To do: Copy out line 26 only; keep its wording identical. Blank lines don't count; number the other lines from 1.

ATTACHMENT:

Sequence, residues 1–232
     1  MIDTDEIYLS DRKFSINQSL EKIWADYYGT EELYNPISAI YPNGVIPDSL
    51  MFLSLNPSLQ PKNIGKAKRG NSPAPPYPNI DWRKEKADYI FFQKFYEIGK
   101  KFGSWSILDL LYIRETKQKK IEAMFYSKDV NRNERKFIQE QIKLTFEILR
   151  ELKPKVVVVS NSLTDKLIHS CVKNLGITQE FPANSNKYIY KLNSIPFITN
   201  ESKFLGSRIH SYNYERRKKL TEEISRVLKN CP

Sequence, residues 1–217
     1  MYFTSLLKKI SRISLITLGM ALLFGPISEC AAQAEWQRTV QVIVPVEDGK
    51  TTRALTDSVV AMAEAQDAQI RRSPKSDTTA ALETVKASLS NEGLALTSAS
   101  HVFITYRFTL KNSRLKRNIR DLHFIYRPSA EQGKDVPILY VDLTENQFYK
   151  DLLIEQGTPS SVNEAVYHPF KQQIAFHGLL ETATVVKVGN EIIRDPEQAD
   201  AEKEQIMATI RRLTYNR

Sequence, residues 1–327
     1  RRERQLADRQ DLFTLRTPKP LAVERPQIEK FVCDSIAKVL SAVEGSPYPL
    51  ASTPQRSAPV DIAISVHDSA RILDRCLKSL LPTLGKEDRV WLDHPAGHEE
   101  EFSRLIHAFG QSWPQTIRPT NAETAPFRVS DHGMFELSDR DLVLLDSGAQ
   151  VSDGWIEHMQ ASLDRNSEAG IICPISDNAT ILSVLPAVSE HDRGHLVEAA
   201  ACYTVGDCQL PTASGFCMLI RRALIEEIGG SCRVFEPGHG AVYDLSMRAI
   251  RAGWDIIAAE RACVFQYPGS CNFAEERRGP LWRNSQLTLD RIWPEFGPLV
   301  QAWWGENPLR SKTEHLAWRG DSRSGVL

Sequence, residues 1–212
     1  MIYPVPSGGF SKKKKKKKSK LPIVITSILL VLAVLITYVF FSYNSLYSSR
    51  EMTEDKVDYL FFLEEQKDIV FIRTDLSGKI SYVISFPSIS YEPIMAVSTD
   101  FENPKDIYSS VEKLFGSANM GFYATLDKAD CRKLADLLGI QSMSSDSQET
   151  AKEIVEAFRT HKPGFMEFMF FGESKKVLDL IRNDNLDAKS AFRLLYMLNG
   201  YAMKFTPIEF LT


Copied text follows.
   201  YAMKFTPIEF LT